March 29,2007

Baucus Applauds U.S. Beef’s Return to Japanese Stores

Finance Committee Chairman calls on Japan to eliminate remaining restrictions

Washington, DC – Senate Finance Committee Chairman Max Baucus (D-Mont.) today applauded the news that U.S. beef is back on store shelves in Japan. Three years after Japan instituted an unscientific ban on U.S. beef in 2003, that nation announced its intention in July of last year to accept some American beef imports – from cattle 21 months of age and younger. Today was the first day U.S. beef became available in Japanese stores again.

“Japanese consumers have spoken, and they wanted safe, delicious American beef back on their dinner tables. Putting some U.S. beef back on Japanese store shelves is a step in the right direction, but Japan still needs to go the last mile,” Baucus said. “International scientific standards say that all U.S. beef is safe, regardless of age, so we won’t be satisfied until Japan accepts our perfectly safe beef from cattle of all ages.”

In 2003, Japan banned U.S. beef after a cow in Washington state tested positive for bovine spongiform encephalopathy, or BSE. In December of 2005, Japan lifted its ban on U.S. beef from cattle less than 20 months of age, but suspended imports again almost immediately after a Japan-bound veal shipment was found to contain a backbone that posed no risk to human health. International scientific standards set by the World Organization for Animal Health (the “OIE”) support the safety of all U.S. beef, regardless of the age of the cattle.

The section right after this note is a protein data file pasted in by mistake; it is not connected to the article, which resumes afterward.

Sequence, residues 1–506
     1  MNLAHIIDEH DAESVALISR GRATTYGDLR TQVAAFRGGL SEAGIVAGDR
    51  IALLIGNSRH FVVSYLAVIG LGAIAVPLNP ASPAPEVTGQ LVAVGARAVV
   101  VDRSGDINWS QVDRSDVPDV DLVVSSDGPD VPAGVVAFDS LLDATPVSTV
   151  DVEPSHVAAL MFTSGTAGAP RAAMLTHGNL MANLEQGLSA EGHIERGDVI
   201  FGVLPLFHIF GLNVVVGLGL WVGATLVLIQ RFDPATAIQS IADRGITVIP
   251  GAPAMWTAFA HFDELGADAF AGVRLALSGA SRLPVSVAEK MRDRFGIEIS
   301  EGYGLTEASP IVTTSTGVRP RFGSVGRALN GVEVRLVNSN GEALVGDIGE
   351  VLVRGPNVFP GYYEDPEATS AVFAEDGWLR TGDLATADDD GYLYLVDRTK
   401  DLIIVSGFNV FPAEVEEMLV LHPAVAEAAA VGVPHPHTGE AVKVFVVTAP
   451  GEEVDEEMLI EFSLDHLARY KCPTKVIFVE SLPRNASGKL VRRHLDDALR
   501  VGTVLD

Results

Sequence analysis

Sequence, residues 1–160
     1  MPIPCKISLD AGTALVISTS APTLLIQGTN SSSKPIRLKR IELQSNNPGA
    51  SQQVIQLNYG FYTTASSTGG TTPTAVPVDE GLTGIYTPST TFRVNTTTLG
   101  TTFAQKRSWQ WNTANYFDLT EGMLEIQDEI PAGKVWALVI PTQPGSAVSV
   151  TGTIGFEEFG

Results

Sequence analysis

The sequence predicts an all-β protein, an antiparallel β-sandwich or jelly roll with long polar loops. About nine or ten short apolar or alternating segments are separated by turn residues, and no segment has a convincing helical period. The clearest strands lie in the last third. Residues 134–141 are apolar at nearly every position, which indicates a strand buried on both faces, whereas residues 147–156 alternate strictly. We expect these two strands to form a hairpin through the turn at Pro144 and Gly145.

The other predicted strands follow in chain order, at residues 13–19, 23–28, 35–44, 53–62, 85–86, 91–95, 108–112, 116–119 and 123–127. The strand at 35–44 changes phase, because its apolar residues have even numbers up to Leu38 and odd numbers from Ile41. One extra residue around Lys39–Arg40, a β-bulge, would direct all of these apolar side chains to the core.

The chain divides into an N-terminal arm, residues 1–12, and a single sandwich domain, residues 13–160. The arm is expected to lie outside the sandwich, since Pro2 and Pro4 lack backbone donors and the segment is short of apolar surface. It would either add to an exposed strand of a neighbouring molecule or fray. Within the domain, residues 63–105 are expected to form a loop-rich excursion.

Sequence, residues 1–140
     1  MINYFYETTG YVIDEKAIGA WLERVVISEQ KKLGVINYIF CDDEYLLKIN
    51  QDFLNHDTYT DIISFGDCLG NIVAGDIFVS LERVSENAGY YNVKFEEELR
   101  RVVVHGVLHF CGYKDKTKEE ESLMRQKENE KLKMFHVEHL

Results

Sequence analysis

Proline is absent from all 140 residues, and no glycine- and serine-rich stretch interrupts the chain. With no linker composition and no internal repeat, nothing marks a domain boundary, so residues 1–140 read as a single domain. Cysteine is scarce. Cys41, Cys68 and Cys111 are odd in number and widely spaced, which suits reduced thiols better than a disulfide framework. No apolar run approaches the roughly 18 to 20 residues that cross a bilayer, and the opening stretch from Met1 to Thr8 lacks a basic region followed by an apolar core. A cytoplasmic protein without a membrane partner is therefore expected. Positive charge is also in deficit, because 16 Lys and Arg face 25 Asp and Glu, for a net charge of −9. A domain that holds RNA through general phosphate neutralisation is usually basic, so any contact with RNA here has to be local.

Baucus has been at the forefront of efforts to urge Japan to lift its beef ban. He met with Japan’s Ambassador Kato on two separate occasions in 2006 and sent a letter to Prime Minister Koizumi in May, strongly urging an end to the beef ban. Baucus submitted comments in Japanese to Japan’s Food Safety Commission regarding steps by American producers to ensure the safety and quality of U.S. beef. Senator Baucus also traveled to Japan to meet with Japan's trade and agriculture ministers to argue for lifting the ban. He brought senior officials from Japan and other Asian countries to eat Montana beef on a Montana ranch to encourage them to lift the ban.

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